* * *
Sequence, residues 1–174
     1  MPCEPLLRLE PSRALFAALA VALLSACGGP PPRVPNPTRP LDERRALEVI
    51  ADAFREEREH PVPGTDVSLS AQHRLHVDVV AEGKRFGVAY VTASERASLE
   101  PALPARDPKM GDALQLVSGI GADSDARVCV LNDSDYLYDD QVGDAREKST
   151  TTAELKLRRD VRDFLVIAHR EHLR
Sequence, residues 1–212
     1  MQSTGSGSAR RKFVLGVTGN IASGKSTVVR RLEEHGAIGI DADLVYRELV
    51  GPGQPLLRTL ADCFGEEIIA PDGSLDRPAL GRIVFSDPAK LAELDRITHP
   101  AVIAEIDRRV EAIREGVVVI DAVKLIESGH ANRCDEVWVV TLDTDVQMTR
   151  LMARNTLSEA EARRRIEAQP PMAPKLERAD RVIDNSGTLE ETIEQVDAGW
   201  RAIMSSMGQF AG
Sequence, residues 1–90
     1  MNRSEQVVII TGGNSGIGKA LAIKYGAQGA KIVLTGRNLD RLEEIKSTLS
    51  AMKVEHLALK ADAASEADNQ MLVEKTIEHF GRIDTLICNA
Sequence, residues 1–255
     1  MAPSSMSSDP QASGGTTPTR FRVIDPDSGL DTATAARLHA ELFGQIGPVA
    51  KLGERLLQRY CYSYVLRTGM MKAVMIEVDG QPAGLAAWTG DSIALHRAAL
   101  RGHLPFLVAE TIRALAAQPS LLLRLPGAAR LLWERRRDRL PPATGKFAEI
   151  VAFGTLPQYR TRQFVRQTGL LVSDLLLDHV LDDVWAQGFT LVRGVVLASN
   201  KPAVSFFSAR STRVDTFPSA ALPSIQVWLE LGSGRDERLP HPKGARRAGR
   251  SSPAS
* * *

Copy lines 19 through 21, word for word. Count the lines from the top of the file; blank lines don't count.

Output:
   151  VAFGTLPQYR TRQFVRQTGL LVSDLLLDHV LDDVWAQGFT LVRGVVLASN
   201  KPAVSFFSAR STRVDTFPSA ALPSIQVWLE LGSGRDERLP HPKGARRAGR
   251  SSPAS